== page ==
Something has changed from r130 (when this was first tested) to the current release of Construct. This performance trick is no longer applicable. A Family-To-Family collision event routine NOW performs the same number of collision checks as separate Object-To-Family checks. It appears that redundancy checks are no longer performed.

One very important reason to take every effort to reduce the number of collision-related events is related to how Construct handles collision detection. Construct's engine does not cache collision detection. What this means is that any time you do an Overlap or Collision detection event, it will recheck all objects related to that event even if you might have compared some of the objects before.
Let's take an example:

You have a family called BoxFamily with three object types, GreenBox, PinkBox, and YellowBox. On the actual layout, you have one instance of each object. In order to be able to distinguish between the two objects involved in the collision, you might assume you can just write three collision checks from object to family, like so:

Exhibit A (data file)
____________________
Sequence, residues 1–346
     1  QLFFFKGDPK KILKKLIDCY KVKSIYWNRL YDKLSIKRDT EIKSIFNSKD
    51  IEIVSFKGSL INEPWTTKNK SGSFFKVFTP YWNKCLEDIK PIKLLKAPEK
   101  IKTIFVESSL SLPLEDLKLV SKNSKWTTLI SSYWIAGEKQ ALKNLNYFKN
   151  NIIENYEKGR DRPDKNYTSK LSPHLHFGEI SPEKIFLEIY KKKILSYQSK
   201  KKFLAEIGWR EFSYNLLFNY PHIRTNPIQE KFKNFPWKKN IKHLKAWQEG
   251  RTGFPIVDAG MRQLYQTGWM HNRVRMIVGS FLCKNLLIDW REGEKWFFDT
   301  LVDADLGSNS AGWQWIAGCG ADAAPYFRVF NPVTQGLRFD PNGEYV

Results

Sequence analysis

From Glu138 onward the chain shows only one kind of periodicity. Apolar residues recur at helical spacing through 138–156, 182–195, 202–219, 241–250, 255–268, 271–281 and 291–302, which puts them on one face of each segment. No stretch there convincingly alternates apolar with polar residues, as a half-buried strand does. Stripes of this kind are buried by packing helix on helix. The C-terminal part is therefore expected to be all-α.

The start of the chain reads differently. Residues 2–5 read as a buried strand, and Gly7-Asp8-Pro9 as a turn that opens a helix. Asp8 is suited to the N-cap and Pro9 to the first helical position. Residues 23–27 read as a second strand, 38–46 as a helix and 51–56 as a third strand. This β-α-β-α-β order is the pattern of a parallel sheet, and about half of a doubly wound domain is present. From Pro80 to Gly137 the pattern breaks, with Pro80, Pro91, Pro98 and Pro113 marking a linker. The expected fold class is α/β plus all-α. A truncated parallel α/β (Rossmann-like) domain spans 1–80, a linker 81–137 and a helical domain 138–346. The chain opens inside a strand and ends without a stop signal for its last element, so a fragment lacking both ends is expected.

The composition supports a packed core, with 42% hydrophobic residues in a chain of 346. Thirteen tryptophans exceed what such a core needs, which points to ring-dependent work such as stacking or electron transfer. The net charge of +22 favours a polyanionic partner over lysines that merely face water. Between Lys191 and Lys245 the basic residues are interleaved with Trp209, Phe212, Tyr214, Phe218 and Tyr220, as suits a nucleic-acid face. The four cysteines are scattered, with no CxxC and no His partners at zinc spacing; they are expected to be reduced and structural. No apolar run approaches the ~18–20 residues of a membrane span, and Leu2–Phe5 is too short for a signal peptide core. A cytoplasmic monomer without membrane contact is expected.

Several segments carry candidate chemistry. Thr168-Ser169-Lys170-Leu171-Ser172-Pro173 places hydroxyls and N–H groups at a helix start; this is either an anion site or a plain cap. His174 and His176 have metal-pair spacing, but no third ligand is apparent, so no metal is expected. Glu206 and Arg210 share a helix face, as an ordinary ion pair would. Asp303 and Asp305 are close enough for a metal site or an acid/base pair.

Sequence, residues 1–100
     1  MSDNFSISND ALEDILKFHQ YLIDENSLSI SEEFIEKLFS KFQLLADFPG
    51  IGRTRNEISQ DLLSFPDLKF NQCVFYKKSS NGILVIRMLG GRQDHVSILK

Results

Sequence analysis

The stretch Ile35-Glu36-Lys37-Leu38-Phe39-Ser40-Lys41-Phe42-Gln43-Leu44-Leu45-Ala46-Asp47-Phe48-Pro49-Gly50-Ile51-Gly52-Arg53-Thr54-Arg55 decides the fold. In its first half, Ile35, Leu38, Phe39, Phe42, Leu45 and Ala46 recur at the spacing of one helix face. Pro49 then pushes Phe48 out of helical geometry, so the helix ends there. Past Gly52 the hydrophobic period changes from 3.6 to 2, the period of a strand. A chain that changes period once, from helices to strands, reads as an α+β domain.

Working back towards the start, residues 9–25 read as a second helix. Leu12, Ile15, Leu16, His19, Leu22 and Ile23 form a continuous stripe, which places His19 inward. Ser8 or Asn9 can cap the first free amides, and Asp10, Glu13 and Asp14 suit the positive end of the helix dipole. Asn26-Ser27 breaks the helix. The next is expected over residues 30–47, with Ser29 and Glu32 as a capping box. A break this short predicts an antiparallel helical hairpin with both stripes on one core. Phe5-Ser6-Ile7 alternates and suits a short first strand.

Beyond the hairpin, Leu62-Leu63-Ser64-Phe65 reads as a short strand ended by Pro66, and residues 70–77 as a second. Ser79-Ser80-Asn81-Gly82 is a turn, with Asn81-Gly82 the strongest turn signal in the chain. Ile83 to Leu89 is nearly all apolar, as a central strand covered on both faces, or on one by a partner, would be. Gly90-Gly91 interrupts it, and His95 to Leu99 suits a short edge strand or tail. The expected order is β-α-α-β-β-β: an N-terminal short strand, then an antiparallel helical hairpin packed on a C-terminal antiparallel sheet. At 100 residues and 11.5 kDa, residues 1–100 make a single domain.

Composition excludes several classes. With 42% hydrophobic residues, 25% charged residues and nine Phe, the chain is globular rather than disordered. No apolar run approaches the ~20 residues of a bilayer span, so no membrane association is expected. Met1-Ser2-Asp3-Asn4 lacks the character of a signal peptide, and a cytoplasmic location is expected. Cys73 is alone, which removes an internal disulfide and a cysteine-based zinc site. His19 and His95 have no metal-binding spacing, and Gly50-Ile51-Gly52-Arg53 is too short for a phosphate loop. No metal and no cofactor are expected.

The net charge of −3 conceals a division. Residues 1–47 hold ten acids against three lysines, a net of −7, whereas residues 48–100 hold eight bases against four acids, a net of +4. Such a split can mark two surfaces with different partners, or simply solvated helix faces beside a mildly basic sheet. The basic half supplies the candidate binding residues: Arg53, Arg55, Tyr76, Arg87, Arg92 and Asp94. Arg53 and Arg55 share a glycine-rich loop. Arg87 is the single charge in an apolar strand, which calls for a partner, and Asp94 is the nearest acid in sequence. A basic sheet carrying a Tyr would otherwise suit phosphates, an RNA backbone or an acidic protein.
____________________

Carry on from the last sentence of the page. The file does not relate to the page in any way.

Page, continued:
Every game cycle, it would execute the following:

  • GreenBox On Collision with Family - Two separate collision checks: GreenBox-PinkBox and GreenBox-YellowBox
  • PinkBox On Collision with Family - Two separate collision checks: PinkBox-GreenBox and PinkBox-YellowBox
  • YellowBox On Collision with Family - Two separate collision checks: YellowBox-GreenBox and YellowBox-PinkBox

For a total of 6 collision checks.

Not let's see what would happen if we used a single Family to Family collision event, as in the following:


Every game cycle, it would run the following check:

  • Collision Check: GreenBox-PinkBox (the same as PinkBox-GreenBox)
  • Collision Check: GreenBox-YellowBox (the same as YellowBox-GreenBox)
  • Collision Check: PinkBox-YellowBox (the same as YellowBox-PinkBox)
  • Collision Check: PinkBox-PinkBox
  • Collision Check: YellowBox-YellowBox
  • Collision Check: GreenBox-GreenBox

Allowing us to half the number of collision checks! For a concrete example of this kind of performance gain in action, see the attached Benchmarking Capx. Click the buttons to switch between the types of collision detection, and hold the right-mouse button down in the layout to increase the number of boxes.